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Discussion Starter · #1 ·
Hey y'all, new to the forum.
Got this 2005 Honda Rancher as a project. First thing needed was a new carb. Got an OEM one, not the cheapo and mounted it.
Bike has fresh fuel to the carb., has good spark, and has some compression. (I haven't gauged it, but thumb over plug hole) Neutral light is on.
Engine cranks over but that is all. Occasionally will backfire really loud. Starter fluid does not help.
 

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Going by your explanation, I'd guess that its either losing clean hot spark under pressure (bad spark plug, weak or shorting coil or bad plug wire) or the camshaft is out of time. Put a new NGK spark plug in it and try starting it again. Then yank the valve cover and check the valve lash. While you are in there you can check that the valves are not sticking, spring not broke etc. Let us know what you find.

Welcome to the forums!
 

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Welcome to the forum. Follow Retro's instructions.

Sounds to me like it's jumped time, but his instructions will cover and easy stuff that could cause it.

I tend to think worst case scenario anytime something isn't working. LOL
 

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Discussion Starter · #5 ·
Thanks.
I'll do the compression test this weekend. I did have the valve cover off, everything seemed to be fine. I don't know what valve lash is, though. I will try a fresh plug, and get the compression reading and get back to you.
 

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Valve lash should be .006" on both valves cold. Use a feeler gauge to measure them. See the instructions in the attachment...

The reasons for verifying those valve clearances are firstly, each valve must completely closed for the cylinder & piston to generate enough compression to fire off. Setting the valve lash properly insure that they each may shut completely. And secondly, while the valve cover is off you can look for reasons why the motor backfires... overly tight valve lash holding a valve open, a bent or sticking valve, broken valve guide or spring, loosened up adjuster on a rocker arm, etc. AND you can verify whether the camshaft is in time or not by watching the "T" mark on the flywheel and slowly turning the motor over in its normal rotational direction.

When the "T" mark lines up on the compression stroke both valves should be closed. Adjust both valves right there. Turn the crankshaft one more revolution and stop on the "T" mark again... you should see the exhaust valve closing while the intake valve is beginning to open. In other words both valves are slightly open and in motion... continue rotating one more revolution and stop on the "T" mark again. Verify with your feeler gauge that both valves are still clearanced properly.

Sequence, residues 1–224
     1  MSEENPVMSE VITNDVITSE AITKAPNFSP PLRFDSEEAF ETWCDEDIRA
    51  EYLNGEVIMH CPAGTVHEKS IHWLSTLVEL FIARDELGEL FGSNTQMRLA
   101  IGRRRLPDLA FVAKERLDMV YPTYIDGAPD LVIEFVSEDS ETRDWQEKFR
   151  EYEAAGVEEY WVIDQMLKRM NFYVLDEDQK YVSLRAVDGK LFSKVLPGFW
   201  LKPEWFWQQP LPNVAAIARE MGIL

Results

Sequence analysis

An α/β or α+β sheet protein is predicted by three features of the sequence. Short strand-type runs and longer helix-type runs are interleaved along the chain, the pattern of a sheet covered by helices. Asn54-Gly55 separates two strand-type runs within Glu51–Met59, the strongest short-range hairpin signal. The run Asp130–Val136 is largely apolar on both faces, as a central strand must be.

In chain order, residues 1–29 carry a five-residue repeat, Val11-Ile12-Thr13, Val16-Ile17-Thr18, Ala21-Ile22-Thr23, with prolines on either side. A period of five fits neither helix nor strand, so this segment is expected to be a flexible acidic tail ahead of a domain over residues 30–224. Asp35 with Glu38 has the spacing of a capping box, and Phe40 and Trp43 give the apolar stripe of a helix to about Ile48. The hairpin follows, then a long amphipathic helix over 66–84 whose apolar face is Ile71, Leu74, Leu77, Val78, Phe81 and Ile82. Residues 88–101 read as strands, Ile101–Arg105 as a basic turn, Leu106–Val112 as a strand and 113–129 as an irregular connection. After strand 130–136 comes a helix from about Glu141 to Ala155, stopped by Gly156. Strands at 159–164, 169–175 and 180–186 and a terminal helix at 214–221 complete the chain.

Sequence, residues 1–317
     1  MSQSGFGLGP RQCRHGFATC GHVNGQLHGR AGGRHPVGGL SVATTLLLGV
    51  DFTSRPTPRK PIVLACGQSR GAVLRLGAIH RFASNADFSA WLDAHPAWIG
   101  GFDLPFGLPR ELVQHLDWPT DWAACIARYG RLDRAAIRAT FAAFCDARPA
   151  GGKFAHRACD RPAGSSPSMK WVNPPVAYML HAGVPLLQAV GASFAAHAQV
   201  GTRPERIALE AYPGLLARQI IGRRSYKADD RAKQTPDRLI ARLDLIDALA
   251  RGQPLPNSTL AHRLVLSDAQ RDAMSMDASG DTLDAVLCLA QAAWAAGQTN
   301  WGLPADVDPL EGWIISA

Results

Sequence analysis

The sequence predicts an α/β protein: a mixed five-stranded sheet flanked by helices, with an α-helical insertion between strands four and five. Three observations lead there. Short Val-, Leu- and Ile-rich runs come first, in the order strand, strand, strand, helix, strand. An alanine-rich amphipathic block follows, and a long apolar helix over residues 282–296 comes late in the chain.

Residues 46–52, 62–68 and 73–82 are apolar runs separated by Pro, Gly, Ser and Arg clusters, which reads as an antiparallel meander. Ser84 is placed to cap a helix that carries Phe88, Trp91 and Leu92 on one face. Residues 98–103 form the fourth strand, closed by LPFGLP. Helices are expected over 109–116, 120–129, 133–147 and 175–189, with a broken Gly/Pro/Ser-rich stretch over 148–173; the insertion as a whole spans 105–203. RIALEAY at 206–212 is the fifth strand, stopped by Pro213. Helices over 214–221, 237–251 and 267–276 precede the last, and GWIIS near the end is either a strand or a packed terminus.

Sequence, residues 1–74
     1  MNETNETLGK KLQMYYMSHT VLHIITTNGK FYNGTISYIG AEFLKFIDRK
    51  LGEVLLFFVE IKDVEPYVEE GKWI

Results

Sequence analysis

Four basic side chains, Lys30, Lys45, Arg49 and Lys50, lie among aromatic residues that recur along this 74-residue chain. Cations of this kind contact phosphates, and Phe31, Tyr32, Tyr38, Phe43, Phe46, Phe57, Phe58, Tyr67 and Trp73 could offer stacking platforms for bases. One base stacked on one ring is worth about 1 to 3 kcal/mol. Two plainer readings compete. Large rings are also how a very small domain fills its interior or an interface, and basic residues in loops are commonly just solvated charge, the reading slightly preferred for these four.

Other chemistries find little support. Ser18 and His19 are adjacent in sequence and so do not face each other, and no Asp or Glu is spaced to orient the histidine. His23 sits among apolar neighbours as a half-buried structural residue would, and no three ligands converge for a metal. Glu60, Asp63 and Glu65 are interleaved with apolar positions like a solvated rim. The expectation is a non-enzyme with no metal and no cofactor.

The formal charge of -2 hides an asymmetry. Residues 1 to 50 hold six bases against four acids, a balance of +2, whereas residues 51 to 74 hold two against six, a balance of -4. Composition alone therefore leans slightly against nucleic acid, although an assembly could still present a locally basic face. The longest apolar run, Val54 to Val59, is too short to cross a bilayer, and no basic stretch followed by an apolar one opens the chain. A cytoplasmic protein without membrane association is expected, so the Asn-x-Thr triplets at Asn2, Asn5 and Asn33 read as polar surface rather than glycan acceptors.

These are diagnostic steps... let us know what you found and where you are at, before putting it back together.
 

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Discussion Starter · #7 ·
OK, I watched a video about valve adjustment, and it seems like something I could do, but there is a problem. The guy that had this bike before me tried to make it sink-proof. He has plugged all the holes and the bike doesn't have a pull start anymore. Do I need to fix that first, or is there another way to turn the engine slowly?
 

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OK, I watched a video about valve adjustment, and it seems like something I could do, but there is a problem. The guy that had this bike before me tried to make it sink-proof. He has plugged all the holes and the bike doesn't have a pull start anymore. Do I need to fix that first, or is there another way to turn the engine slowly?
You'll have to take the pull start off, or whatever is in place of the pull start, and use the 17MM bolt on the back of the motor to turn it over. Put a socket and ratchet on it to turn it slowly.
 

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Discussion Starter · #9 ·
New spark plug didn't help. Will have to get a 12mm adapter for my compression gauge before I can check compression.
 

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Did you change the fuel line from the tank to the carb? When I got mine there was sludge from the inside of the tank to the old carb. I replaced it all to make sure I was getting all the fuel to carb
 

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Discussion Starter · #11 ·
No, I didn't change the fuel line, but I did disconnect from the carb. and turned it on and fuel flowed well. I also managed to get the pull start housing off. I'm not sure I will be able to get it back on. Will adjust the valve lash when I get a chance.
 

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It’s a pain getting the bolts out but easy enough. Take your time. Also check the kill switch in the controls make sure it’s in middle
 

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Discussion Starter · #15 ·
on another subject. Is there a good tool that will remove rounded lug nuts? The bike has aftermarket wheels that have only enough clearance for a socket wrench.
 

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Can you post a pic of the wheel and rounded lug nut ?
 

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about the starting problem, i had the exact same thing on mine, and what fixed it was just setting the valves. they are .006.
 

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Discussion Starter · #18 ·
I checked and set the valves to .006. Checked the compression and it barely registered on the gauge. It might have been 10 psi. Kinda explains things.
 

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You said the motor backfires sometimes, so the next step is to check whether the cam chain has jumped time or not.
 
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